Somehow, I missed a BBC Radio 4 series on A History of Ideas, both when it originally aired (2014-15) and then when it was repeated a couple of years ago. The ‘history of ideas’ is, of course, another name for the study of Philosophy, the subject of my first degree, and something which remains a lifelong interest of mine.
Starting with the beginning of the BBC series, I’ve begun listening to a philosopher, neuropsychologist, theologian, and lawyer debate what it means to be ‘free’.
There are fundamentally two types of freedom, as defined by great thinkers: freedom from and freedom to. Some people frame this as ‘negative’ liberty (i.e. freedom from) and ‘positive’ liberty (i.e. freedom to).
In general, I would say that it’s negative liberty that most of us mean when we talk about freedom. That’s the freedom from coercion, so that you can do what you like with your time, your body, or your possessions. This is different to positive liberty, which can be thought of as the freedom to participate in society on your own terms.
The question of technology is an interesting one to consider here, as I’ve always understood negative liberty to be the main driver behind the Free Software movement:
Free software (or libre software) is computer software distributed under terms that allow users to run the software for any purpose as well as to study, change, and distribute it and any adapted versions. Free software is a matter of liberty, not price: all users are legally free to do what they want with their copies of a free software (including profiting from them) regardless of how much is paid to obtain the program. Computer programs are deemed “free” if they give end-users (not just the developer) ultimate control over the software and, subsequently, over their devices.Wikipedia
Interestingly, although the Four Freedoms talk about ‘freedom to‘ they’re actually, to my mind at least, all couched in terms of negative liberty. For example, the first of these is “The freedom to run the program as you wish, for any purpose”. This could perhaps be more accurately be rendered: “The freedom from being prevented from running the program as you wish, for any purpose.”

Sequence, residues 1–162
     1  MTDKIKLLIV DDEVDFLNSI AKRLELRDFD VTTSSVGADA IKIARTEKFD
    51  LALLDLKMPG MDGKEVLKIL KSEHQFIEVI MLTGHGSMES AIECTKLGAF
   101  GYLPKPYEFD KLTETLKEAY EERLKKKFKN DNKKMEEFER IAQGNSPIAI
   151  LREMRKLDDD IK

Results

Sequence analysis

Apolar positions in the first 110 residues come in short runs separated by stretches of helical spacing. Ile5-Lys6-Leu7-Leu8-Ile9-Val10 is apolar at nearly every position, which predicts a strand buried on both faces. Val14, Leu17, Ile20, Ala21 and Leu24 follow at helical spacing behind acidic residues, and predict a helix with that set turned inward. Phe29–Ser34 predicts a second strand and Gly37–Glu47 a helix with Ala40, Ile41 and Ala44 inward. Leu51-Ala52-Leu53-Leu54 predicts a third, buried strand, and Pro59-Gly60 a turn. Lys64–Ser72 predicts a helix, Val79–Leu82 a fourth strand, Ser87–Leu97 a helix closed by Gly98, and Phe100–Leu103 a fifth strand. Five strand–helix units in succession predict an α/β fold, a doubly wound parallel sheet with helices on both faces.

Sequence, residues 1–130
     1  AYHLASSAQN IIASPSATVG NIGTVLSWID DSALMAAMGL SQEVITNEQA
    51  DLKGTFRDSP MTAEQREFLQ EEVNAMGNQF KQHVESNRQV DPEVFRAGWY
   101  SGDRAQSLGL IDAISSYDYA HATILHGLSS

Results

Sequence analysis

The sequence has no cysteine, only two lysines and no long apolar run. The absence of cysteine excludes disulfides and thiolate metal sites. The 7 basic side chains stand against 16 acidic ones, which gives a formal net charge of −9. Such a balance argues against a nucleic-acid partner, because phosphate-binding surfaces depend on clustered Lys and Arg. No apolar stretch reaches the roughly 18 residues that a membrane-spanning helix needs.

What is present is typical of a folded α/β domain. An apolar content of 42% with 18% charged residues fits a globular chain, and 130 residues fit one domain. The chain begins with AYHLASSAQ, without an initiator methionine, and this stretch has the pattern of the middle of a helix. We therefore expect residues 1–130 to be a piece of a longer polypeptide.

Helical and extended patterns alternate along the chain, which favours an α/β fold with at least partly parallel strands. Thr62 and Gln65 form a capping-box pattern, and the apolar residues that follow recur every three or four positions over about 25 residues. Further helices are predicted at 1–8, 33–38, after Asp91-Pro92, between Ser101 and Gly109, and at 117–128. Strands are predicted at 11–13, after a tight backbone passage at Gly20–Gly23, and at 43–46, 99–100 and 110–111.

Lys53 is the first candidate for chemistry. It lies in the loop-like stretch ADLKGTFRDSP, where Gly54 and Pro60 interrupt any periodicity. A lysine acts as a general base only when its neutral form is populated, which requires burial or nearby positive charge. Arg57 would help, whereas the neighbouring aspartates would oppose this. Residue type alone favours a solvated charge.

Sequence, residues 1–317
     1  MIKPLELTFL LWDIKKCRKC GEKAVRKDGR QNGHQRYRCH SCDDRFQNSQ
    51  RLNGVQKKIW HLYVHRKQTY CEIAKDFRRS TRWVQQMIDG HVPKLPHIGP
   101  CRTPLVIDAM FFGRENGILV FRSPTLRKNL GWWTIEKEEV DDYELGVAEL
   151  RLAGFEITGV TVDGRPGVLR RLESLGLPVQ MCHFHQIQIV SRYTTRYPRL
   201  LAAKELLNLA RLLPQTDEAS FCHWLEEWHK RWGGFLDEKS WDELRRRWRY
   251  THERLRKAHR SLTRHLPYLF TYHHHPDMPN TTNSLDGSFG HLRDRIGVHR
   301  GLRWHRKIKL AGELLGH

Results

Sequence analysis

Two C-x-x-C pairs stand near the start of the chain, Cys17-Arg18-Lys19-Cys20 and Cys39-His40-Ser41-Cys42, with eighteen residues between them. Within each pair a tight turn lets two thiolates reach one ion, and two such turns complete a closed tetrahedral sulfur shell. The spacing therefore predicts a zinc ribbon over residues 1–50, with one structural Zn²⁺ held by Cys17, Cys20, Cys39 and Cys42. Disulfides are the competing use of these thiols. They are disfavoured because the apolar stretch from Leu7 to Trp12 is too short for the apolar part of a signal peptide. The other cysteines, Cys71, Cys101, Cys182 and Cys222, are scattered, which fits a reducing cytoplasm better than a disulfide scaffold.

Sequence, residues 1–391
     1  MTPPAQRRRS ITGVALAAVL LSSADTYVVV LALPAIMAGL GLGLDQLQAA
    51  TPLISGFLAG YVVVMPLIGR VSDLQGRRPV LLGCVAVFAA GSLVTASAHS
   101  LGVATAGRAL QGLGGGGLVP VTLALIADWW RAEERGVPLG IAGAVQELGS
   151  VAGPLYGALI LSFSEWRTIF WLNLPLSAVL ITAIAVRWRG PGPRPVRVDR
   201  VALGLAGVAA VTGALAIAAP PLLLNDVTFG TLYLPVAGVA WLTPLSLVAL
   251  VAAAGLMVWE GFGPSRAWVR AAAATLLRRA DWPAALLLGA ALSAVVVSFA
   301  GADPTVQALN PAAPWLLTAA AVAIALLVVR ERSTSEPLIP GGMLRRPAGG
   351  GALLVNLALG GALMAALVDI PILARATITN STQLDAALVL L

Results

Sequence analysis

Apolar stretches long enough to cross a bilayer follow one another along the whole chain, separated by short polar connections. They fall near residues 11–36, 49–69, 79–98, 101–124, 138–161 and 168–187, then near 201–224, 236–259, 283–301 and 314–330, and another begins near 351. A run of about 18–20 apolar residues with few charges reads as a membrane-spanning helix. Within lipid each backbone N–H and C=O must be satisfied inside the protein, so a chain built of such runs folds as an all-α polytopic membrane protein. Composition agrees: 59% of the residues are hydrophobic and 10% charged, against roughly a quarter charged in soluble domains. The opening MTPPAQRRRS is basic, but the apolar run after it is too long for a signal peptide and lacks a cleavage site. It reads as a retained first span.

In short, we in the Free Software community often miss the importance of positive liberty. While negative liberty frees us from the constraints of others, positive liberty allows us to act upon our free will, something that’s (sadly) often still a lot easier with well-designed proprietary services.
Ben Werdmuller, who has spent his career trying to push forward easy-to-use Free Software, said recently:
The only real way to avoid tracking and surveillance is to host things yourself, but that’s not an option because hosting things yourself is still too hard for most people and it’s easy to compromise on security. We need the iPhone of self-hosting. Twitter
In other words, when it comes to technology, most people have the freedom to do things but not the freedom from some of consequences of using proprietary services. For example, it’s easy to express a controversial political opinion using Facebook, but not to avoid being tracked and surveilled on that platform.
I think we’re at a bit of an inflection point. There are those of us who have enough technical skills to be able to self-host and spin up a VPS to run Free Software. We can experiment and express ourselves however we wish. And then, sadly, there’s everyone else.
We Free Software enthusiasts value our negative liberty and use it to promote our positive liberty. Less technical people have only the amount of positive liberty allowed by proprietary services under capitalism. I believe we need to focus on enabling that positive liberty with Free Software under socialism, even if that means compromising a bit of negative liberty.
This post is Day 77 of my #100DaysToOffload challenge. Want to get involved? Find out more at 100daystooffload.com.